Sports fans around the world have been excited this month about the return of English Premier League soccer, and it already feels as if the season is fully underway. The top EPL clubs demand attention not just from their own home fan bases but on an international level, making the league one of the most popular in the world, in any sport.
Along with the immense popularity of the EPL, it’s only natural that the league collects an insane amount of wealth. At this point, the worth of the top teams has become fascinating from a business perspective. In particular, the contending clubs in Manchester and London have positioned themselves not only as world-class soccer teams but as lucrative businesses on par with the biggest organizations and leagues in all of world sport.
Here’s a look at how they make their money beyond performance on the field and the sale of tickets and merchandise.
Valued at $3.1 billion, Manchester United remains the wealthiest club in England. According to the latest Forbes list of the world’s most valuable sports teams, they’re the second-richest soccer team behind only Real Madrid. Much of the club’s wealth beyond the field is due to a massive sponsorship deal with Adidas, which will be in control of Man Utd. uniforms and apparel for the next decade as part of a $1.1 billion deal.
A chart designed by the Independent shows that in addition to countless smaller sponsors, Man Utd. has the most expensive shirt sponsor in the EPL by a full £17 million. While Adidas handles the actual design of the uniforms and apparel, Chevrolet is paying £47 million to put its logo front and center on the club’s uniforms!
Arguably the most recognizable English soccer team not named Manchester United, it stands to reason that Chelsea is among the most valuable clubs in the world. Like Man Utd., the club rakes in a great deal of revenue from a kit design deal with Adidas, but its sponsorship also took a significant leap this season thanks to a new shirt sponsorship deal that dwarfs the long-standing previous agreement the club had with Samsung.
As reported by The Guardian, Chelsea reached a £200 million, five-year deal with Yokohama Rubber, a Japanese tire company that now has the second-highest stake in any EPL uniform behind only Chevrolet. The deal more than doubles the £18 million/year pact with Samsung, thus accounting for the latest boost in Chelsea’s wealth and worth.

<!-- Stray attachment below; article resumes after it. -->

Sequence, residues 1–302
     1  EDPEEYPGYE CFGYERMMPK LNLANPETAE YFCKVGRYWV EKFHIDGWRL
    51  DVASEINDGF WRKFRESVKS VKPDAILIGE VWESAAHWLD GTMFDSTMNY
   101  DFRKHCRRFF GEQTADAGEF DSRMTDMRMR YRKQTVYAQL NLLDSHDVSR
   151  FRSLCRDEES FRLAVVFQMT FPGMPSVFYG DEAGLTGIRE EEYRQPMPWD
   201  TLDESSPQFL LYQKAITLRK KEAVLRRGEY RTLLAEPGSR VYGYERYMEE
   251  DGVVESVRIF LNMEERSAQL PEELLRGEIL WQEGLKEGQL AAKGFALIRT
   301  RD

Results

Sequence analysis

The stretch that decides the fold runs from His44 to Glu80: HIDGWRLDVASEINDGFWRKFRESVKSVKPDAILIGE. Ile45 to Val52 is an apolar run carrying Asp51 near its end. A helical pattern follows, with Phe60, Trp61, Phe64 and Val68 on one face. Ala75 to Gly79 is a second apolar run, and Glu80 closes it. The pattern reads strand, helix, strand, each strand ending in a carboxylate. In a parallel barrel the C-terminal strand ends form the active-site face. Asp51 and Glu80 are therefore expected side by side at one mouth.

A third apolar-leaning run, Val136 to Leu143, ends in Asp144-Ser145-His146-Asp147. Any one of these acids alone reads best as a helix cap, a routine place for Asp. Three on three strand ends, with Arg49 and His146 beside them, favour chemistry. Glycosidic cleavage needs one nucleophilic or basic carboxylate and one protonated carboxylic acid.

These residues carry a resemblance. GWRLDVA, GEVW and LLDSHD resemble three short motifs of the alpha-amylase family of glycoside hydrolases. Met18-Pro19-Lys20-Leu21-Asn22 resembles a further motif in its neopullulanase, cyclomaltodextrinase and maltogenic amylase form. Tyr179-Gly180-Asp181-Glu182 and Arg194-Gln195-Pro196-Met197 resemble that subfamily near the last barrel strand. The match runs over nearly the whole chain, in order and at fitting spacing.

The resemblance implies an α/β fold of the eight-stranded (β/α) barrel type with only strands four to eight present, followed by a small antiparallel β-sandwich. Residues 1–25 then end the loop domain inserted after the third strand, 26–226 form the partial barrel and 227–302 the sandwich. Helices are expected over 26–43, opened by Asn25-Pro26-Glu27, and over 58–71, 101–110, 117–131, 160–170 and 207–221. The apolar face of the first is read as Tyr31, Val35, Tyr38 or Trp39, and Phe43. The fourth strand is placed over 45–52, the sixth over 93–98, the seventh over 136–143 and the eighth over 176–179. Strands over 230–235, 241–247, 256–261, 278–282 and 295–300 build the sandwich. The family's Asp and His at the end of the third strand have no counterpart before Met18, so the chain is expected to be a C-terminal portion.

London’s other true top-tier club, Arsenal is the fourth most valuable of these teams, but only by a small margin. Its £40 million/year deal with Puma for kit designs cannot approach the likes of Man Utd.’s Adidas deal, though the club’s £30 million/year sponsorship agreement with Fly Emirates, a UAE airline with a great deal of cash to spare, is among the biggest deals in the EPL.
Like every other major club, Arsenal supplements its revenue streams with money from smaller sponsors. In that regard, the team secured a particularly creative addition earlier this year that could pay off significantly over the long term. Per SBC News, the Gunners became the latest professional soccer team to partner with an online sports betting client. Betfair’s platform is best known to many for its poker and casino gaming options, even offering basic instructions and beginner tournaments to help users learn how to play poker and other games. But through this partnership, it will look to implement sports betting opportunities with the team, in its stadium and online.
One can argue that Manchester City is in some regards the baby of this list. It’s a dynamite club in recent years, but not one that quite boasts the same rich history of the other three teams discussed here. However, it’s actually the second most valuable of the four, according to Forbes.
Like the other clubs, Man City has lucrative partnerships with a number of smaller sponsors, as well as with a kit designer (in their case, Nike). But a lot of Man City’s wealth boost in recent years can be attributed to Etihad, another UAE-based airline with a major stake in the EPL. Not only does the airline sponsor the City uniforms, but it also owns the stadium the team plays in. According to the club website, the venue has undergone an expansion resulting in a 61,000 person capacity, and thus a great deal more revenue potential.
These are only several of dozens of combined sponsors feeding into the money streams of these clubs. But between the length of these deals, the amounts of money involved, and the nature of some of the partnerships, it’s clear to see that top-flight soccer is truly big business.